Homebuyer Climate Change Concerns: Inland Flooding
Most homebuyers consider the size, location, and layout of a home. But it’s increasingly important to assess how climate change will impact the home you purchase. As the effects of the climate crisis intensify, some areas are experiencing increased rainfall and storm events, which can cause inland flooding. Sadly, this can wreak havoc on communities and make homes unlivable.
Most cities are covered largely by impermeable surfaces like roads and buildings and have drainage systems equipped to handle excess water from precipitation. Underground pipes carry water and discharge it into the water system. However, these stormwater management systems can get overwhelmed, causing inland flooding or flash floods. Let’s explore the implications of flooding on home shoppers.
What Causes Inland Flooding?
When the quantity of water on land exceeds its natural or constructed drainage capacity, flooding occurs. Prolonged rainfall for many days, intense but brief precipitation events, failed dams and levees, and rapidly melting snowpack are all common causes. Inland flooding is different from coastal flooding, which involves seawater.
Although precipitation is certainly a natural occurrence, humans have contributed to inland flooding by constructing homes and businesses without proper attention to stormwater management. Urbanization commonly leads to more paved surfaces and alters natural drainage systems. Developers build homes in flood plains. These factors make an area more prone to inland flooding. In areas where climate change is causing more intense storm events, the risk increases.
How Does Inland Flooding Impact Home Shoppers?
Although it can be nice to live with water nearby, it definitely isn’t nice for this water to find its way into your new home. According to FEMA, just one inch of floodwater can lead to $25,000 in home damage.
Before purchasing a home, determine the flood risk of the property. FEMA has three main classifications related to flooding and designates zones as high-risk, moderate-risk, and low-risk. Look up the property address using the FEMA Flood Map Service Center to determine the risk level of various homes. Also, learn the flood history of the property if you can obtain this information.
Knowing the home’s flood risk level helps you make an informed purchasing decision. Also, the construction of the home makes a difference, as some properties have an inherently more resilient design. Also, if you live in a high-risk area, you might not be able to get a mortgage without purchasing flood insurance.
Should I Buy a House in an Area Prone to Inland Flooding?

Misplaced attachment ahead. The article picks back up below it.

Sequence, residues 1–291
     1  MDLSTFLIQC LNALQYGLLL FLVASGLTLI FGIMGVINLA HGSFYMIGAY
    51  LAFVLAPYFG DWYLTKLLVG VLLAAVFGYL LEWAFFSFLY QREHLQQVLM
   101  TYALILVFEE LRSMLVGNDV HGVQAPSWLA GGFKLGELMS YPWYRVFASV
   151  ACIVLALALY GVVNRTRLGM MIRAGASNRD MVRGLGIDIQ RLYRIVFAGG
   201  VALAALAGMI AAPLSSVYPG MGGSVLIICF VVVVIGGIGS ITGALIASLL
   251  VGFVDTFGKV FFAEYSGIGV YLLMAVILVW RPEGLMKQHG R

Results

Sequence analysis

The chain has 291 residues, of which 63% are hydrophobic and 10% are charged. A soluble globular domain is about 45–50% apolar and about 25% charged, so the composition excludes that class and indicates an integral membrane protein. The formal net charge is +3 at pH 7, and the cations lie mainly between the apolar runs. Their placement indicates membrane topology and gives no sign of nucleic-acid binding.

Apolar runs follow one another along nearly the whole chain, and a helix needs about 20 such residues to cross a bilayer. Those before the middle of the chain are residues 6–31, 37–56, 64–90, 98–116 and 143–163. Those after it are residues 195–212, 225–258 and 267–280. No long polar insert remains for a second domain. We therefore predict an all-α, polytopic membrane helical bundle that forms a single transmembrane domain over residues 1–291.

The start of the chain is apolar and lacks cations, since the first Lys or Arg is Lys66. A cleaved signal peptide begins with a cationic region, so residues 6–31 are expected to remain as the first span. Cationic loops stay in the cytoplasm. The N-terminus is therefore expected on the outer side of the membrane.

It is critical to weigh the pros and cons thoroughly before purchasing a new home. If you decide to buy a home in a flood-prone area, make sure you have the proper insurance coverage. Just an inch or two of floodwater can cause tens of thousands of dollars in damage.
Many homeowner insurance policies don’t cover flood damage. In these cases, it is essential to have a separate policy to protect yourself from flood damage. The same is true for renter policies, so advise your tenants accordingly if you rent out the property.
The average annual cost of flood insurance is $771, but this is likely to increase and is probably higher in flood-prone areas. It’s a good idea to price out policies before buying a home so you can include the premiums in your budget. Also, remember that being in a flood-prone area might make it harder to sell your home, so it can have long-term financial implications.
How Can I Protect My Home From Flood Losses?
While insurance protects you financially, it won’t prevent the havoc and destruction of experiencing a flood. It’s important to be prepared to minimize flood losses. A sump pump can help remove water from a basement or crawlspace but can fail if there is a power outage. Having a backup battery for your sump pump is a good way to help protect your home.
Have a plan for how you can block floodwaters from reaching the home’s foundation. Regularly clear debris from gutters and downspouts so they are in proper working order. Consider extending the downspouts so water exits further from the house. If water naturally flows towards the house, it’s important to redirect it away from your foundation. In addition, there are landscaping practices that can help, such as constructing a berm with a swale or rain garden.
FEMA recommends elevating and anchoring your critical utilities, including your electrical panel, propane tank, sockets, wiring, appliances, and heating systems. If flooding is inevitable, move valuables to an attic or second floor and elevate furniture to prevent water damage. Take photos or videos of all major household items so you have documentation if you need to file an insurance claim.
Of course, safety is the number one priority. If there is a flood, make sure you, your loved ones, and your pets are safe. Monitor the local news and weather alerts to stay informed.
Purchasing a home is a big decision, so it’s crucial to examine various environmental factors that could shape your life. If you buy a house prone to inland flooding, take steps to protect your home and promote safety. You’ll need to take many of these steps in advance, not when a major storm is on its way, so proper planning is essential.
Feature image courtesy of Don Becker, USGS, CC0, via Wikimedia Commons